Teachers tell Barnett: money for education, not stadiums

Schools across Western Australia were shut down by a statewide stop-work on September 17, called to fight education funding cuts proposed by the state Liberal government.

About 500 education assistants are set to lose their jobs. A change in the school staffing formula also means that there will be 585 fewer teaching places next year, in comparison to what there would have been under the previous funding model. Program cutbacks on top of this mean that altogether there will be up to 1000 less teachers next year.

These aren’t the only cutbacks in the August budget. 1200 public servant jobs are also under threat.

The cuts are happening at a time when the state Liberal government is investing huge sums of money in development projects all over Perth. The Elizabeth Quay, a Dubai-style development on the Swan River foreshore, is unpopular even among Liberal voters.

This is happening in the midst of what is supposed to be a mining boom. Super-profits from the resources and banking sectors, which are owned by the public, are instead lining the pockets of private interests.

A long-term funding plan would include nationalising these sectors and spending the profits on increased funding to education.

Liberal Premier Colin Barnett, education minister Peter Collier and the Liberal Party have avoided this. This is a deliberate failure to plan for the future.

A high-school teacher who attended the stop-work rally, Stuart Shields, spoke to Green Left Weekly about the education cuts. He said: “Anger and despair brought me to the rally; disbelief that a government in one breath says 'this is the richest state in the country' then tells us to 'tighten our belt'.

“These 'reforms' — lets just call them cuts, because that's what they are — will set education back decades.

“Governments, both state and federal, have thrown money at education fads such as outcomes-based education, 1:1 computer ratios, when what they should be doing is investing the money in supporting up the foundations of education.

“And here today we see a government who panders to resource giants in the hope that the trickle-down effect will benefit the rest of the population ... and it won't. It will only benefit shareholders. Resource giants continue to profit, while the quality of children's education and employment prospects are negatively affected.”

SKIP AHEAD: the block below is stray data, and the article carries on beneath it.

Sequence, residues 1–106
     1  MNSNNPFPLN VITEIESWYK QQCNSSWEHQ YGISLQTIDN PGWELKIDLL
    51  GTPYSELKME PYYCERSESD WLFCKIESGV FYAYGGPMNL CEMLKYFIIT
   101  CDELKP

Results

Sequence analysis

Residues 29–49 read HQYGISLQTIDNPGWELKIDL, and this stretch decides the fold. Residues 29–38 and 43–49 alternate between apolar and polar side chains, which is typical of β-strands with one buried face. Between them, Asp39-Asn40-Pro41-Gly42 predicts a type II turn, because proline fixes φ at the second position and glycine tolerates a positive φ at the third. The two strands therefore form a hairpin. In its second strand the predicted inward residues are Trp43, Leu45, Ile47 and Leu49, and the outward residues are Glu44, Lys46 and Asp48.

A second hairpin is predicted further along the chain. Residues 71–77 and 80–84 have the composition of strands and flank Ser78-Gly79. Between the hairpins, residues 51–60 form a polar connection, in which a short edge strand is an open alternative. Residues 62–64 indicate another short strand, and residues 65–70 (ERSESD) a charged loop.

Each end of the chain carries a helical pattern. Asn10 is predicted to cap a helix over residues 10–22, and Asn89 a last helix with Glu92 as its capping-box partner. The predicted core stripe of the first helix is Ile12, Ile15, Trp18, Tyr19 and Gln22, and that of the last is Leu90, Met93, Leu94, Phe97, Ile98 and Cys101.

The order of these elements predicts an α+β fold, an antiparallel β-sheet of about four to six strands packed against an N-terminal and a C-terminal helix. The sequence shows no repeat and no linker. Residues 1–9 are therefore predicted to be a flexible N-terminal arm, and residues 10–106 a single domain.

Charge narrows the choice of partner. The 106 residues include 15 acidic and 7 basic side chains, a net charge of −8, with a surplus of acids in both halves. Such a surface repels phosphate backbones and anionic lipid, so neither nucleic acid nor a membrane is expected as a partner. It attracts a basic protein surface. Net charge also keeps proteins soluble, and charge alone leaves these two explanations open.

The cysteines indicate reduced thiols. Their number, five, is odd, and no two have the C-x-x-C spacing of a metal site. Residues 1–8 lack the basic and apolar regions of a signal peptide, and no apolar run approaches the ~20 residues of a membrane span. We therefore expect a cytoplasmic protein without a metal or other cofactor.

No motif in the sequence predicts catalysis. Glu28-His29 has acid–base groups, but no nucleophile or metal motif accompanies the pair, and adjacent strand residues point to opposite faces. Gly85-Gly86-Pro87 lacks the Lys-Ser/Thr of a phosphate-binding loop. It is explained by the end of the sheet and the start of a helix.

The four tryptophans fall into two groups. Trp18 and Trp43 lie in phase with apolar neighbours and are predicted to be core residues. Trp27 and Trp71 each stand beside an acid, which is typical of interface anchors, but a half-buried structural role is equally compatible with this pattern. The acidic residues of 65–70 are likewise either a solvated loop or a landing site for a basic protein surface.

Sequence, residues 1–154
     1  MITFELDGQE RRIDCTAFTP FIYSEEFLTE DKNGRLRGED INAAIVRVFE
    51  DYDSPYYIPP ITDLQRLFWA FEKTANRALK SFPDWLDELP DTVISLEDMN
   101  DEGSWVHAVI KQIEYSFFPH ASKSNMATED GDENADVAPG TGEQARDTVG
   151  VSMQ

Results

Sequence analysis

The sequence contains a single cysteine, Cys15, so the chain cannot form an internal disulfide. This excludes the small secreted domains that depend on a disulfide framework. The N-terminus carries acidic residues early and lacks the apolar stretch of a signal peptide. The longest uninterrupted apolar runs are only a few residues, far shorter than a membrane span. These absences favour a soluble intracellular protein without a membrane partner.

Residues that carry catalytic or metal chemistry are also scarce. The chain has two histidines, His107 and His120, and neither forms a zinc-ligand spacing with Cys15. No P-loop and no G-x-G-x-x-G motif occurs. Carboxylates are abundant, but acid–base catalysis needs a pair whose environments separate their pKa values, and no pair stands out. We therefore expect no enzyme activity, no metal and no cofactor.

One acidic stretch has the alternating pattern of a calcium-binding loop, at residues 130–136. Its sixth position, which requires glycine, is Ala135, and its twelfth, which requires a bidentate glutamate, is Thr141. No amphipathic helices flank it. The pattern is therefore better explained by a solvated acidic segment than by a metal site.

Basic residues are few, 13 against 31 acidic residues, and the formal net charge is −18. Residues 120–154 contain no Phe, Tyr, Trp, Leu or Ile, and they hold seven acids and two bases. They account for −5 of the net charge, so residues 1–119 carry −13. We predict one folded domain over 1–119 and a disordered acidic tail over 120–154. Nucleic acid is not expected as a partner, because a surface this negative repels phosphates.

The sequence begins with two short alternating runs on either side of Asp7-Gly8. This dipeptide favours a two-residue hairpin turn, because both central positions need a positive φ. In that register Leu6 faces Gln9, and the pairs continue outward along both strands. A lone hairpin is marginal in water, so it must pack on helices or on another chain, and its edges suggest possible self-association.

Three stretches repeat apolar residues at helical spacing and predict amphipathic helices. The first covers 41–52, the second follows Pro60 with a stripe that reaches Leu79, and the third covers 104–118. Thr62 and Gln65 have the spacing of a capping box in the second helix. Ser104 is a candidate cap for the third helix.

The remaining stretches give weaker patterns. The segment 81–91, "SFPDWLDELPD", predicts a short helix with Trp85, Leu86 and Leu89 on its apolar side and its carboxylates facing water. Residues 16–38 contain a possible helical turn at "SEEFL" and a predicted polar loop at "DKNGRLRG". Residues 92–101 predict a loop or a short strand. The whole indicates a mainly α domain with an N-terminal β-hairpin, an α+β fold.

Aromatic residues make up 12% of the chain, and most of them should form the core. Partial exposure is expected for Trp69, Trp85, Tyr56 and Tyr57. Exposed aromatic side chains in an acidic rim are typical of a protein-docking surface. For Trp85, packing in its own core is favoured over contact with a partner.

When asked how this impacts day-to-day classroom environments, Shields said: “The immediate impact is the stress it places on teachers and support staff who wonder if they will have a job next year.

“Planning around budget constraints, and less staff to teach subjects, will mean existing staff will have to teach in areas they are not familiar while their colleagues will be forced to look for work elsewhere. The long-term impact will see class sizes increase, children with educational needs struggle to cope, and course options be reduced.

“Nearly 20 years ago, the government closed education support units, in favour of inclusive schooling, which meant instead of special needs students being taught separately from their peers, they would be 'included' in the class, but have help provided by an education assistant.

“A cynic might say this is just a cover to save money. A cynic would say that 500 education assistants that are going to be unemployed will save the government more money — at the expense of kids who need it the most.

“The actions of the government once again represent the interests of big business such as land developers. Such infrastructure projects need to be cost-effective, protect social values, and provide value for the money invested.”

In a meeting with unions on September 23, Collier and Barnett are refused to back down. But in a resolution passed at the rally in Perth on September 17, education workers overwhelmingly voted in favour of “action of a political, industrial and social nature” to “continue for such time as is required to bring about a reverse in the budget cuts for 2013 and 2014”.

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